- Take the disc into the palm of your hand, place 2 teaspoons of the filling in the centre. Fold the disc in half and firmly pinch at the top
- Seal the remaining edges together by squeezing to form a crescent shape. Make sure they are firmly sealed as not to break apart when cooking
- Place filled dumplings onto the tray as to prevent sticking
Cooking the dumplings
- Fill a wok with enough water to cover the dumplings
- Add a pinch of salt to water
- When water is boiled, carefully place dumplings in the water and stir gently
- When it comes back to the boil, douse with cold water to stop it boiling. Repeat twice
- When the water comes to the boil the 3rd time, the dumpling are ready
- Cover the base of a steamer with cabbage leaves or waxed paper, place dumpling on top
- Place steamer atop water and bring to the boil
- Wait 10 minutes (8 for vegetarian dumpling)
- Heat vegetable oil on a non-stick pan. When oil is hot add dumplings in a circular formation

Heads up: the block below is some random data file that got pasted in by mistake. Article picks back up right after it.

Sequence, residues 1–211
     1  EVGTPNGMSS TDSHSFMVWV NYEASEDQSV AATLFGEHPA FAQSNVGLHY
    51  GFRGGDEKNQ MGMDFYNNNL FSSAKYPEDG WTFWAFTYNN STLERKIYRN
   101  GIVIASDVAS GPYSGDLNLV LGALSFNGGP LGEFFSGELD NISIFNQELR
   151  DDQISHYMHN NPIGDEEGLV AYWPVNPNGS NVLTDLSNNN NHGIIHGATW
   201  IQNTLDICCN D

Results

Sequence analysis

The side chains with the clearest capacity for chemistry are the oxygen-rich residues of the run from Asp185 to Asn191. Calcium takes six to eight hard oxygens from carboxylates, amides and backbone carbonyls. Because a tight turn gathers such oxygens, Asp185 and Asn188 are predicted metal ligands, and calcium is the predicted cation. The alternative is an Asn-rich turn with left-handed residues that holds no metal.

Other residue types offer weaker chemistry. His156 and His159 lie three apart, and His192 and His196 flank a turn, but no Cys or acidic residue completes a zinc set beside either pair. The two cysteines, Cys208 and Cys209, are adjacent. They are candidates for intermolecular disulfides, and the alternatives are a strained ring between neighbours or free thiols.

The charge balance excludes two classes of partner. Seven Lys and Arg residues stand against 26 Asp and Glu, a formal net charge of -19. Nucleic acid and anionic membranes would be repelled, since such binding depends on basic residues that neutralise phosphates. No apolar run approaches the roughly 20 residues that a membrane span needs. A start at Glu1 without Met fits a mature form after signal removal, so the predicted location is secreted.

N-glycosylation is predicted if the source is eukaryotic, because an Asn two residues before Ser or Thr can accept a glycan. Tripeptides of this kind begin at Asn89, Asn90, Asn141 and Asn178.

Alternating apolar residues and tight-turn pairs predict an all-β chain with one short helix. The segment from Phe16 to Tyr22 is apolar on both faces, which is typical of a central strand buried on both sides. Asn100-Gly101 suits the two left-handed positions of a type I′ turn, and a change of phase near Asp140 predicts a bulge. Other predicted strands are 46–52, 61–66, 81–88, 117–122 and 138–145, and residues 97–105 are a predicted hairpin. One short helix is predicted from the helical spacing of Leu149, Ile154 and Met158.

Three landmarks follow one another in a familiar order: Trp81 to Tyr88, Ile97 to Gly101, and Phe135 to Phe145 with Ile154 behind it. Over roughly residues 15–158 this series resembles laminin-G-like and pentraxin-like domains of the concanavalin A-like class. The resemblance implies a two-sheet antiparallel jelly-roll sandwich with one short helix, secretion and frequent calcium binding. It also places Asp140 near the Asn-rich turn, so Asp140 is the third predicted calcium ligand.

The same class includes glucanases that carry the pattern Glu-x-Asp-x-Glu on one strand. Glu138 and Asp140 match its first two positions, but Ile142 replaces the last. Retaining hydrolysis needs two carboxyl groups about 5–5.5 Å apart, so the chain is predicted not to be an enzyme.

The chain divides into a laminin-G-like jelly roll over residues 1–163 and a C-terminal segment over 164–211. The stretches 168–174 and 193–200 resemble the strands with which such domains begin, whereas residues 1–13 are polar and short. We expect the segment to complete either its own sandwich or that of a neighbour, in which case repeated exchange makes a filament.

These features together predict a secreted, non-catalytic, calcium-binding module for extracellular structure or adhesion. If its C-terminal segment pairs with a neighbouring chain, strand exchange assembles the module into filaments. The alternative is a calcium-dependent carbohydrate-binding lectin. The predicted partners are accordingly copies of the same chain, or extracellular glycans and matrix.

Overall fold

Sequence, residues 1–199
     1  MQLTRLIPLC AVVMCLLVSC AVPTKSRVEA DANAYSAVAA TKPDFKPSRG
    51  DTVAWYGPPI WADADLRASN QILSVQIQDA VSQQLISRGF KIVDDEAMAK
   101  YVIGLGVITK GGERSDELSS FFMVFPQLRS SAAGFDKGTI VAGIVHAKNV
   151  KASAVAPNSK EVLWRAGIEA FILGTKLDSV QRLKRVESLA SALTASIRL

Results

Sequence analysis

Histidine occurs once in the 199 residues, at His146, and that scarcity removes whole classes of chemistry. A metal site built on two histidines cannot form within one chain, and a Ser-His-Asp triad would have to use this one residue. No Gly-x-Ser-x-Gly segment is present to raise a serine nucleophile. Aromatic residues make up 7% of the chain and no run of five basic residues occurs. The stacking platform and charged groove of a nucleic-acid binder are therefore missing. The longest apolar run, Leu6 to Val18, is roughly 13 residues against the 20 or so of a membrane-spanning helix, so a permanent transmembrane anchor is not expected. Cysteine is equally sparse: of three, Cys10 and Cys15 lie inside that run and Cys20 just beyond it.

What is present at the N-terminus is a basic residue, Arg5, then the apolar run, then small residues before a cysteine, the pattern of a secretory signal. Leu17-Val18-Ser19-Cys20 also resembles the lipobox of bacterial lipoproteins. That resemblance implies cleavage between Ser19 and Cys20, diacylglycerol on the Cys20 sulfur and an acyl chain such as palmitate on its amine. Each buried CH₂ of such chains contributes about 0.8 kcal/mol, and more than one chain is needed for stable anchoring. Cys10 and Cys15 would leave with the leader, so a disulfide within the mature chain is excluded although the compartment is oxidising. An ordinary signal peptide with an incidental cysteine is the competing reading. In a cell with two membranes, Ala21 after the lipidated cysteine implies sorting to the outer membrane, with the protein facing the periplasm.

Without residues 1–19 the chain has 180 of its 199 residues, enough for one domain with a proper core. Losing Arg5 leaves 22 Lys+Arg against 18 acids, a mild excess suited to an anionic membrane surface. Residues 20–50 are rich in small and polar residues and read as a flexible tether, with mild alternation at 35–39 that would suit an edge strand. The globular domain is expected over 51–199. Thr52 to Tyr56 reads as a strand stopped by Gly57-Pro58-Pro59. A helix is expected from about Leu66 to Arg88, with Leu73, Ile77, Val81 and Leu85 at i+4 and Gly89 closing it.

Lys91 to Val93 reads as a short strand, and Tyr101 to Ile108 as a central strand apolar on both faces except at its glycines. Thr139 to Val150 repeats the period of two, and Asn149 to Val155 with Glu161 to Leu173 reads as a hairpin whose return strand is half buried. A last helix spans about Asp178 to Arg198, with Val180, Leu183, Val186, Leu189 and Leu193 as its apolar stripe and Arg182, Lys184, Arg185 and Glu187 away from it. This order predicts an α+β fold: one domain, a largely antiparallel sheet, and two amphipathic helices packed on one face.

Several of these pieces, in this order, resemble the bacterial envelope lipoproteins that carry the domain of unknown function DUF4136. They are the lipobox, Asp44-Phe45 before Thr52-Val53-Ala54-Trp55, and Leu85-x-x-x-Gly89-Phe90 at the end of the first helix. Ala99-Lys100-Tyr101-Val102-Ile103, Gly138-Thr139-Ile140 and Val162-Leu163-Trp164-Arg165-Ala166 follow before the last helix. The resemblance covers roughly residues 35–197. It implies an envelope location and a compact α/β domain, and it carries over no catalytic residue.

- Fry until the dumpling bottoms are golden brown
- Add 1/2 cup of water, cover and let them steam for 7-8 minutes
- When water has evaporated, remove the lid, fry for 1 minute longer until translucent
How to make the dipping sauce
2 tablespoons of light soy sauce
1/2 tablespoon of sesame oil
1/2 teaspoon of dark rice vinegar
1/2 teaspoon of sugar
1/2 garlic clove (finely chopped)
1/2 spring onion (finely chopped)
Chili oil to taste
Still need help? Then join Luxi, our friend and masterchef from Rice & Friends cooking school in Dali to learn more…
If you visit Dali, we highly recommend popping into Rice and Friends to take part in one of their professional cooking classes.
Rice & Friends Chinese cooking school offers hands-on Chinese cooking courses with English instruction in a beautiful open-air setup with mountain views. It is a very authentic and personal 5-hour cooking experience, including outdoor-market shopping for ingredients, introduction to the theory of Chinese cooking, hands-on preparation of 3 dishes with a recipe booklet to take away and plenty of time for everybody to sit down together and enjoy the meal they cooked themselves.
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written by: Jon